The Song Plays On was certainly a difficult subject to come to terms with the idea of tackling. My fear was that, as a relatively young filmmaker (25) could I bring a maturity to the piece and be taken seriously at the same time. We also developed the script for a very long time, going through around 7/8 drafts of the story before we ended up with the one we’re going to shoot as we want to get it right, we want the film to connect with the people it’s meant for. 800,000 people in the UK are currently living with dementia and that figure is not inclusive of relatives, loved ones and friends who spend their time in the presence of this condition. So it’s fair to say we’ve felt the pressure in terms of getting it right.

I guess we decided to go independent with the project because  of the social nature of the topic we are discussing. Our hope is that we can raise awareness through both the crowd funding campaign we’re running on social media but also through screenings of the film when it’s completed. So the model of crowd funding really stood out for us as the way to spread our message and connect with the people who connect with our story.

If you had to give one piece of advice to a budding independent film maker, what would it be?

A lot of people talk about being writers, directors, producers… but talking doesn’t make you one. My best piece of advice is grab a camera, grab some video tapes/CF cards/film… and shoot something. Cut it together. Analyse it back and note what works and what doesn’t work… and then repeat this process. I promise you that every time you pick up the camera you will get better at it and start to see results. The more stories you tell, the better you’ll get at telling them!

What film makers or films inspire you?

As a storyteller I guess I always go back to the films I grew up on. Jurassic Park, E.T.. Old Spielberg movies are definitely the best ones but more recently I’ve been really inspired by filmmakers such as Marc Price, who made his debut feature Colin for £45 and screened it at Cannes as well as Gareth Edwards, who directed Factory Farmed as part of the Sci-Fi London 48 Hour Film Challenge… he won the competition and made a feature called Monsters, which was really well received on a budget of £250,000 and now he’s been signed on to direct the Legendary Pictures reboot of Godzilla. Monsters just had such a striking visual that was so inspiring, I encourage everybody who hasn’t seen it to check it out.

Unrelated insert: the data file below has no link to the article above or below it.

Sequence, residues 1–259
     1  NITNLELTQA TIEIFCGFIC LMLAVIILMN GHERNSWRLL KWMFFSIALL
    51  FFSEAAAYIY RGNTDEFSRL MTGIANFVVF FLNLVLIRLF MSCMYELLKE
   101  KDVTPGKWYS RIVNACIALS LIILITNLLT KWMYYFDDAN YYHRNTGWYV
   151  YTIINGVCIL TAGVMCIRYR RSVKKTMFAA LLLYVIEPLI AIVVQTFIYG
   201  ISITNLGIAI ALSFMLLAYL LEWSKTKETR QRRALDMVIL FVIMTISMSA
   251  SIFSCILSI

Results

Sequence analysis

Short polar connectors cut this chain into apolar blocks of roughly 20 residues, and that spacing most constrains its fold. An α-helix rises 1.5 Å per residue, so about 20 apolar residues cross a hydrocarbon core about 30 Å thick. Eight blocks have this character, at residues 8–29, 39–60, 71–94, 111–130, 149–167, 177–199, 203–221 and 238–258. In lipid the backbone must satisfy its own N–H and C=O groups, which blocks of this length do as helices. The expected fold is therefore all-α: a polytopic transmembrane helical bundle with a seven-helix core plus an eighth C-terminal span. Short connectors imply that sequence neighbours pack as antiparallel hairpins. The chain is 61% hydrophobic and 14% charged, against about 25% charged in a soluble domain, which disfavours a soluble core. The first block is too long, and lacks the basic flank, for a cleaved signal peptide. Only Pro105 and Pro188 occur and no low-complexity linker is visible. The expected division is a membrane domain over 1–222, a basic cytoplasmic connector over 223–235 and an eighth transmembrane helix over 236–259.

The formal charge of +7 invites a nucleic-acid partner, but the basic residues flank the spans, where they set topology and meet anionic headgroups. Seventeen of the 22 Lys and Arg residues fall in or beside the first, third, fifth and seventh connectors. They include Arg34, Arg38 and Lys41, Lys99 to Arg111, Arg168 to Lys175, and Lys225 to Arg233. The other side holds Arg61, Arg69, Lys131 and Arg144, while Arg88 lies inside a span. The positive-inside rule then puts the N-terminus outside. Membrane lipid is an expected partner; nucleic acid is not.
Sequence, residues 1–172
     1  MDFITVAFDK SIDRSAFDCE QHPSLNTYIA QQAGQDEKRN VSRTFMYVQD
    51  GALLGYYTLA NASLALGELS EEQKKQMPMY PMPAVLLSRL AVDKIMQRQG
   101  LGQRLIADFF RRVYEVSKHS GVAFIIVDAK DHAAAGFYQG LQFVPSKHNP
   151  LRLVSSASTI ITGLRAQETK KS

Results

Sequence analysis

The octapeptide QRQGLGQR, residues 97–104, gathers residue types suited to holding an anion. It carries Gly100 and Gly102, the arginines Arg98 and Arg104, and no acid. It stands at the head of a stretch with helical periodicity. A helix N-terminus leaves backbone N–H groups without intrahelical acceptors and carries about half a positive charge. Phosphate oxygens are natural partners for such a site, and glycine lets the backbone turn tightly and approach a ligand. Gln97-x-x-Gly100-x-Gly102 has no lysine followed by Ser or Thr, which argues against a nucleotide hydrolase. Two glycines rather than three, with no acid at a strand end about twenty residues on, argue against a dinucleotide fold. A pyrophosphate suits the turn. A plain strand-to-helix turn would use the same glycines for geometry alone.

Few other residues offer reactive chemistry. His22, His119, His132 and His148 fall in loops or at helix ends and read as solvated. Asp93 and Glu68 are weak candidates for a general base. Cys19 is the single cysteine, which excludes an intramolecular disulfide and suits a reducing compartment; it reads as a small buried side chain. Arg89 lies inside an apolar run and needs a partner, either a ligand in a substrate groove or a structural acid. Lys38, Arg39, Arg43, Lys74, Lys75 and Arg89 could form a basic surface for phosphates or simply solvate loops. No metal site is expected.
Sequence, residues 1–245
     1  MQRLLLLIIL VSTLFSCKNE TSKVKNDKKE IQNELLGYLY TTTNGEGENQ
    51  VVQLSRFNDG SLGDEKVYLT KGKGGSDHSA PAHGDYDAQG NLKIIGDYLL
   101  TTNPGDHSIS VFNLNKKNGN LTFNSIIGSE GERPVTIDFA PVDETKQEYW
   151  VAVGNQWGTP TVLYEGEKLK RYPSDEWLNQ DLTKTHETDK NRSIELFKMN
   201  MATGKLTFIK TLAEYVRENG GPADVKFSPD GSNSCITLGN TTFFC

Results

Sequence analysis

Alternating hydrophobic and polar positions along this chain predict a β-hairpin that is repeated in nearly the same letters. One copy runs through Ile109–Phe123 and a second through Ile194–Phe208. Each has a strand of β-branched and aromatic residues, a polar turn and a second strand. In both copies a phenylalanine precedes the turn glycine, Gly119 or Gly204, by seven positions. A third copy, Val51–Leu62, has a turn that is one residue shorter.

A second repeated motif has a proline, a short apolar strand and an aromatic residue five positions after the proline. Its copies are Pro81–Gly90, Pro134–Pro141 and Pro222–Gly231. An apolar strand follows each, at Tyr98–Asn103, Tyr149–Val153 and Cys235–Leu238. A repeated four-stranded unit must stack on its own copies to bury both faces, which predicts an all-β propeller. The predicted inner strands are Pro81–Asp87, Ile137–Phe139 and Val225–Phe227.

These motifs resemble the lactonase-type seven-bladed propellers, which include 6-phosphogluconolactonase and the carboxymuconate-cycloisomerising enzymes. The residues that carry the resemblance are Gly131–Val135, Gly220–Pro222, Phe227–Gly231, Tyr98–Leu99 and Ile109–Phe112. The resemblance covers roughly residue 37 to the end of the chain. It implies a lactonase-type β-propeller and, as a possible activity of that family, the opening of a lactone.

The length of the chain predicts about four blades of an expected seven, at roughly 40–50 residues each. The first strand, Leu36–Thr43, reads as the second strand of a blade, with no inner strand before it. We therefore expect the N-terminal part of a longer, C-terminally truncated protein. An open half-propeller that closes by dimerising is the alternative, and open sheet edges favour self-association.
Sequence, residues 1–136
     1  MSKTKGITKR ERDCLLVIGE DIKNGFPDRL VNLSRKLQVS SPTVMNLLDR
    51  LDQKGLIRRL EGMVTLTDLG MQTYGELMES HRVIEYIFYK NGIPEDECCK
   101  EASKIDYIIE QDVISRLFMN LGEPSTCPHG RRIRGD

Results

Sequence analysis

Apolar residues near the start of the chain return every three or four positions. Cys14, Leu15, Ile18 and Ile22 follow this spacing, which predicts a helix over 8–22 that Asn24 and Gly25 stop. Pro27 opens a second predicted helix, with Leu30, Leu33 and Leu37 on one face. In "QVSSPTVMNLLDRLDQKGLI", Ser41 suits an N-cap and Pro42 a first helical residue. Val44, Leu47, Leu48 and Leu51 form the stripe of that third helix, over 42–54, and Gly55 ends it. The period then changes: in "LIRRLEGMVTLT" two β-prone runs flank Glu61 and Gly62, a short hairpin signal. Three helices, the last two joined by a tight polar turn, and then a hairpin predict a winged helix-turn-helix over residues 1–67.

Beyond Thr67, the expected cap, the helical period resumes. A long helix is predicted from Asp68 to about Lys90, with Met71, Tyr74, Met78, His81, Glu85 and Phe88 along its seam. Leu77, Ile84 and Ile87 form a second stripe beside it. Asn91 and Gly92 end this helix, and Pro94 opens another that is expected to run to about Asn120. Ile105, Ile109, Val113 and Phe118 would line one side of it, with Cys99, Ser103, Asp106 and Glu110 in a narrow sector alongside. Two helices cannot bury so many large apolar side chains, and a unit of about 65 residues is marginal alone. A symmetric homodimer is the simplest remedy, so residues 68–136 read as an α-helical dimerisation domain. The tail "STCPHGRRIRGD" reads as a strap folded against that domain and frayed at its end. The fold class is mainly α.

Are the current crop of funding platforms (Kickstart etc) working for independent film, or do you believe there needs to be something specifically geared for it?

I think the current crop of funding platforms are working very well, they’re certainly opening doors to filmmakers who would have probably found it incredibly difficult to get funding. I know I wouldn’t have stood a chance of getting a penny to make Survivors so I reached out to the community and they responded. I do think that over-saturation could become a problem and that crowd funding campaigns need to be carefully considered.

Independent film is starting to grow quickly across the world, where do you see your place in it in the future? Will you continue to make independent films or do you see it as a springboard making industry sponsored films?

It’s really hard to tell to be honest. I think we’re all lying if we said we want to make low budget movies forever… I think the goal is a big budget to make the film we’ve always dreamed about and it just so happens the place with a lot of the money is in Hollywood. I guess I hope to make interesting and entertaining films that people enjoy and that satisfy me creatively.

 

Thank you Adam.

Please consider following Adams projects – links at the top of the interview.